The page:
William S. Richardson Dies at 90

Melody MacKenzie honors Chief Justice William S. Richardson in a Native Hawaiian Law Center article describing his work protecting Native Hawaiian land rights by citing Hawaii’s Kingdom Law. Many have noted– and continue to do so– that the application of U.S. federal law is like applying a square peg into a round hole. It is with great reverence that we should remember that it was Chief Justice Richardson who had contributed so much to the protection of native land rights of Native Hawaiians as well as the protection of traditional customs from the haole or “mainland” property owners through state law. As Chief Justice, Bill Richardson was integral to Hawaii’s statehood history and  for those who are interested, they should contact the Academy for Creative Media, and ask for copies of the interview. It was the intention of ACM that these transcripts be archived with the Hawaiian Collection at Hamilton Library, University of Hawaii, but I don’t think they have been deposited there yet. Many of the interviews are important to our understanding of the story of Hawaii’s statehood history, and it should be easy for students and historians alike to access them. I recommend people contacting ACM so that the 800+ pages of transcripts can be cataloged and held in reserve for public use. Academy for Creative Media University of Hawaii at Manoa 2550 Campus Road Honolulu, HI 96822 Phone: 808-956-7736 Fax: 808-956-6662 Email: acm@hawaii.edu

Published NYT: June 25, 2010

William S. Richardson, Ex-Chief Justice in Hawaii, Dies at 90

William S. Richardson, who as chief justice of the Hawaii Supreme Court for 16 years was a leading proponent of the rights of native Hawaiians, often relying on ancestral custom rather than Western common law in his decisions, died Monday in Honolulu. He was 90.

William S. Richardson School of Law, via Associated Press
William S. Richardson at a fundraiser for the University of Hawaii’s William S. Richardson School of Law in Honolulu on Dec. 4, 2009.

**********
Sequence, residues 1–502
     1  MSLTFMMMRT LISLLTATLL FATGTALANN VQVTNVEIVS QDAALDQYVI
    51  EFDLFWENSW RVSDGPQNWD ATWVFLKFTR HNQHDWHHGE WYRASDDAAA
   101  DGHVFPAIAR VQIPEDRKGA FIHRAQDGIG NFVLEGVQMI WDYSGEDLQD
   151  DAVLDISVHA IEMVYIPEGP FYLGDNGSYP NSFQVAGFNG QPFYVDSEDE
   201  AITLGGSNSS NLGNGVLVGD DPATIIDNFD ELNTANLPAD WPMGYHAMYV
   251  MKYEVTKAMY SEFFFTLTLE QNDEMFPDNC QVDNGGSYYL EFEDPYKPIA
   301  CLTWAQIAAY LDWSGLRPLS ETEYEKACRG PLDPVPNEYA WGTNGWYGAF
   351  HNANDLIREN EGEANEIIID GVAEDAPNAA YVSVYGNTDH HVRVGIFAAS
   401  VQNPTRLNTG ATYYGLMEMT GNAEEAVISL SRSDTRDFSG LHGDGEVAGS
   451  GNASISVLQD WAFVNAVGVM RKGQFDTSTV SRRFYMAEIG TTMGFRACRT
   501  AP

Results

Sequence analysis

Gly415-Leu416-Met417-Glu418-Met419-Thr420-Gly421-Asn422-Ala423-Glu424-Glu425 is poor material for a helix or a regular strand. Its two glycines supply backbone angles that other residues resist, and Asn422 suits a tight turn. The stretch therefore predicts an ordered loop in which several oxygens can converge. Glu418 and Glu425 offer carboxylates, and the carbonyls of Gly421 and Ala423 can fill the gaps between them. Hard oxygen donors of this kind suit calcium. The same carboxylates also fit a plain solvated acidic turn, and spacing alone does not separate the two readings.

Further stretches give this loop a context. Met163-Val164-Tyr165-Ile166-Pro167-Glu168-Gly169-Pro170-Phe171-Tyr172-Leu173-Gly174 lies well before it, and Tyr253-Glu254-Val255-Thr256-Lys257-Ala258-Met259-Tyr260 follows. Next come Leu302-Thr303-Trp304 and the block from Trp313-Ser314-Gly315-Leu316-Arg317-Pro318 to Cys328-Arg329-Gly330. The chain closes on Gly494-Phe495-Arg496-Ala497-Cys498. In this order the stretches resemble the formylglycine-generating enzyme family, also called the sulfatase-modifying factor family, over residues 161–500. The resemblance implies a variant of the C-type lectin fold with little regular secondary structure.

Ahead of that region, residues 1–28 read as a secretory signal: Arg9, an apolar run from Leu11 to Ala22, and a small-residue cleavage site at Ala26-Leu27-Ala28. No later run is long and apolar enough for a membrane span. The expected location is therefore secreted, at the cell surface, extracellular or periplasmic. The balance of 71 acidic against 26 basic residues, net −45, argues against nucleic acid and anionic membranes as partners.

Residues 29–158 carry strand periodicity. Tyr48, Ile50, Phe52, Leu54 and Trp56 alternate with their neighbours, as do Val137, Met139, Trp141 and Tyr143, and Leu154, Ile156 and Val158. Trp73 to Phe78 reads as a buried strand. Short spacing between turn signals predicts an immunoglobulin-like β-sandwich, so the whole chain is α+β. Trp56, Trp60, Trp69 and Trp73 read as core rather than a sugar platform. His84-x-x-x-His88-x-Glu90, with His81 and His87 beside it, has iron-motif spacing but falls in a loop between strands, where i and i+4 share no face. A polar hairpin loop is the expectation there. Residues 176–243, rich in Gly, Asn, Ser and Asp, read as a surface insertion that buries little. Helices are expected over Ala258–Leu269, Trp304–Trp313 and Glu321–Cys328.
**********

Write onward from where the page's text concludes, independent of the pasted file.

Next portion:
He died of natural causes, according to a statement by the William S. Richardson School of Law at the University of Hawaii. The establishment in 1973 of the law school — the only one in Hawaii — was one of Chief Justice Richardson’s proudest achievements, something he had long advocated. Chief Justice Richardson, who was half Chinese, three-eighths native Hawaiian and one-eighth Caucasian, presided over the court from 1966 through 1982. “His opinions came at a time when native Hawaiians were beginning what is called ‘the Renaissance’ — the rebirth of pride in native identity, language and culture,” the dean of the law school, Avi Soifer, said. “He helped trigger and embody that renaissance through his opinions and his role as a major leader in Hawaii.” Chief Justice Richardson had been a leading voice for statehood, and was also chairman of Hawaii’s Democratic Party and lieutenant governor from 1963 to 1966. In March 1966, Gov. John A. Burns appointed him chief justice. In perhaps his most famous case, Chief Justice Richardson in essence asked in 1968 why Hawaii should follow Anglo-American common law rather than its own ancient traditions regarding the use of property. The 4-to-1 ruling he wrote incorporated those customs in declaring all beaches in the state open to the public. Under his leadership, the court also established the water rights of people living downstream from privately owned property that surrounded rivers or streams. It awarded new land created by lava flows to the state, instead of adjacent property owners. And it ruled that native Hawaiians could cross private property to gather traditional cultural resources, like particular plants used by hula dancers as part of their ceremonies. Those rulings, Dean Soifer said, were “of a piece with his insistence that we should have a law school.” “He really fought for it,” he continued, adding that before its establishment “many haoles — or Caucasians — went to the continent for law school.” They were aligned with the corporations that dominated territorial Hawaii after annexation by the United States, he said, “and were threatened by the notion that a diverse population would have broad opportunity to go to law school.” William Shaw Richardson was born in Honolulu on Dec. 22, 1919, to Wilfred Kelelani Richardson and the former Amy Wung. Although his grandfather was an aide to Queen Liliuokalani — the last reigning monarch of Hawaii before the islands were annexed in 1898 — his family fell on hard times. Young William worked in pineapple canneries, earning enough to pay his way through the University of Hawaii and graduate in 1941. Two years later, he received his law degree from the University of Cincinnati. He then served in the Army, seeing action in the Philippines. In 1947 he married Amy Ching, who died in 1975. He is survived by his son, William; two daughters, Barbara Richardson-Phillips and Corinne Wolfe; two sisters, Amy Kahoiwai and Pearl Nishimura; six grandchildren; and two great-grandchildren. After retiring from the bench in 1983, Chief Justice Richardson was named a trustee of the Bishop Estate. The estate, bequeathed by Princess Bernice Pauahi Bishop in 1884, holds vast stretches of property in the islands. It is the financial foundation for the Kamehameha Schools, which the princess dedicated primarily to the education of native Hawaiian students. He became a trustee, Chief Justice Richardson said, “to finish the job of bringing the Hawaiian people back to their proper position here through education.”]]>

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